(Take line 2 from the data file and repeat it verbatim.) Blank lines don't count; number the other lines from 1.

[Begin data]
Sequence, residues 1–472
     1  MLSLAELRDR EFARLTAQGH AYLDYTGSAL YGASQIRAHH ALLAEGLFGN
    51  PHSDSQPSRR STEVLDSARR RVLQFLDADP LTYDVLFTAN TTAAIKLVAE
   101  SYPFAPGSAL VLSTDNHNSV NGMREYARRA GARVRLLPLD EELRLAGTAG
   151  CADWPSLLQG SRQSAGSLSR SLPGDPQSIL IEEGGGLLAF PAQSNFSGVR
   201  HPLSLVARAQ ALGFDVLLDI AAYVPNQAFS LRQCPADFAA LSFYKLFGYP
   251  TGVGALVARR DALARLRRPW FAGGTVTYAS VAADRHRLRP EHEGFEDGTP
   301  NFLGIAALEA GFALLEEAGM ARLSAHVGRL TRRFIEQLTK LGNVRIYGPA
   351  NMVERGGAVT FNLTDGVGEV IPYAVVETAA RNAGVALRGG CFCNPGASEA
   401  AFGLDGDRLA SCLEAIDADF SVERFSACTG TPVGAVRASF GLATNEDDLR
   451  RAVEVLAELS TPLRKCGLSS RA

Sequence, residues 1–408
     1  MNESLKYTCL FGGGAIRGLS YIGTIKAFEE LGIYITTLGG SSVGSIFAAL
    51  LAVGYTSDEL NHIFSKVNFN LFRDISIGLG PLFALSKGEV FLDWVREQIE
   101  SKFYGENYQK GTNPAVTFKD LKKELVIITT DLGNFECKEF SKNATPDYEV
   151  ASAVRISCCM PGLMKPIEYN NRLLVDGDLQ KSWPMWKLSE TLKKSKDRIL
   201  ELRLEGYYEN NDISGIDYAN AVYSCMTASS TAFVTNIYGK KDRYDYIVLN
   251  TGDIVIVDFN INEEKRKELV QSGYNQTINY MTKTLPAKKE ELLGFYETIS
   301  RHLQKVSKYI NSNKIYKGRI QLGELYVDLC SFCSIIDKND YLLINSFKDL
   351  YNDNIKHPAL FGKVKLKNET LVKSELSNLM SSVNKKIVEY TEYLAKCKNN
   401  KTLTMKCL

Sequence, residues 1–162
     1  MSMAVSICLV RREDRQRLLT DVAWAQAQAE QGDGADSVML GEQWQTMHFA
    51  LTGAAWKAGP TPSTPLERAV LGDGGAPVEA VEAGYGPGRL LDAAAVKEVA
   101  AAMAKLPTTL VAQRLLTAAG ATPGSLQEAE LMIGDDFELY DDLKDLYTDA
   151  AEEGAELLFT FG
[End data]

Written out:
     1  MLSLAELRDR EFARLTAQGH AYLDYTGSAL YGASQIRAHH ALLAEGLFGN